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An attempt by six Havering councillors to stop the council outsourcing a number of public services in a single £10million contract has failed.
Councillors from Residents’ Group, Independent Residents’ Group and Upminster and Cranham Residents’ Group banded together to “call-in” the decision made last month, forcing it to be reconsidered.
The cabinet decided on July 7 to pick a single company to award an estimated £10m annual contract for waste collection, recycling, street cleaning and controlling weeds.
However, in an email requesting the decision be reconsidered by the Overview and Scrutiny committee, Residents’ Group leader Ray Morgon argued there was “lack of data, evidence and analysis” on why this would be better value than an in-house service.
His email reads: “Given the shrinking number of private sector operators and acknowledged market congestion, the cost of the integrated service may exceed what would be deemed value for money.
“No evidence has been provided on the desired service standards and that an outsourced contract will improve performance.”
Council officers responded to his concerns by arguing that “modelling” showed an in-house service would be more expensive than outsourcing.
Their response continues: “The [in-house] model was also rejected at the time as the council had little experience… lacked the skills to directly manage the refuse service and all the financial risks would be retained by the council and not shared with a contractor.
“Also, the [in-house] model did not enable the council to draw upon the experiences and different approaches to delivering these services that suppliers have gained from across the country and beyond to achieve the best outcomes.”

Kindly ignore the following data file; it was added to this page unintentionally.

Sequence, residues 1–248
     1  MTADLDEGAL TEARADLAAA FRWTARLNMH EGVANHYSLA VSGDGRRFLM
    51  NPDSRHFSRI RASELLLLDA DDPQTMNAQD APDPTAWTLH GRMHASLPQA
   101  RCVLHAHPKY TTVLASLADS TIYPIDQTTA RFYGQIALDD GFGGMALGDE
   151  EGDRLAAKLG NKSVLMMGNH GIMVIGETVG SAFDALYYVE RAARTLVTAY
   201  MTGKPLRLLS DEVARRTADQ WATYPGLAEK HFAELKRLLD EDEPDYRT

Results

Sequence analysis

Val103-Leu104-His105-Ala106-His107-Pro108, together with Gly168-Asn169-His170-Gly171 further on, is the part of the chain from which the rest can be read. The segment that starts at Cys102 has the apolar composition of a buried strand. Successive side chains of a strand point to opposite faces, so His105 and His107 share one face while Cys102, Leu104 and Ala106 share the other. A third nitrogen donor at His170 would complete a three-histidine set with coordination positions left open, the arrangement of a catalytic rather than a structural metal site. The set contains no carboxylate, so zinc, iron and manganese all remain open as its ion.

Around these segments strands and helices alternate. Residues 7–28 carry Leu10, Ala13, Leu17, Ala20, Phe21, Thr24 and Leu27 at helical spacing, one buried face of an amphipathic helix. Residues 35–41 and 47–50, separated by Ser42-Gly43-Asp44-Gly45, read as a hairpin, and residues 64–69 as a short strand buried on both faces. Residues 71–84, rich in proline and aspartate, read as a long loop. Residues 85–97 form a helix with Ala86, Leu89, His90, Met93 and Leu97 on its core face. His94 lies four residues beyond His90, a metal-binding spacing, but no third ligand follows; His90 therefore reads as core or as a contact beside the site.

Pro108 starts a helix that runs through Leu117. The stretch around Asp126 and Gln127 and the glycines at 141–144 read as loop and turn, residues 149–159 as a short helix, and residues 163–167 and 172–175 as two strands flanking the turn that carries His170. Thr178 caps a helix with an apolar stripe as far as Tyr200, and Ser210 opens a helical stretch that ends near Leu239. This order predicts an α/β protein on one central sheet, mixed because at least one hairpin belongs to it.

While a report explaining how the council arrived at the estimated £10m cost was not made public, the response adds: “It is too early in the process to predict the full costs. These will become clear following competitive dialogue.”
Due to technical issues, there was no audio for the livestream of the Overview & Scrutiny meeting, held on August 3.
However, a Havering Council spokesperson confirmed that the attempt to veto the cabinet decision was rejected by eight votes against six.
While waste and recycling collection and weed control are already outsourced, the council currently cleans Havering’s streets itself, meaning 80 staff will need to be transferred to the chosen company.
The change will also leave the council with a surplus of street-cleaning vehicles, which “will be disposed of through auction”, according to a report for the cabinet meeting on July 7.
The council said it is “unlikely that any savings will be made” but hopes combining multiple services into one contract will “offer overall better value for money” and remove confusion about “who is responsible for” what, and allow “swifter rectification” of issues.
However, the report also acknowledges there are “several financial risks” to the new strategy, including the government adding to the types of recycling councils must collect, making the contract more expensive, or the auctioned-off vehicles not fetching enough money.
The contract will have to be awarded before the current waste and recycling collection contract runs out in July 2023.
It will last for eight years, with an option to extend it for a further eight.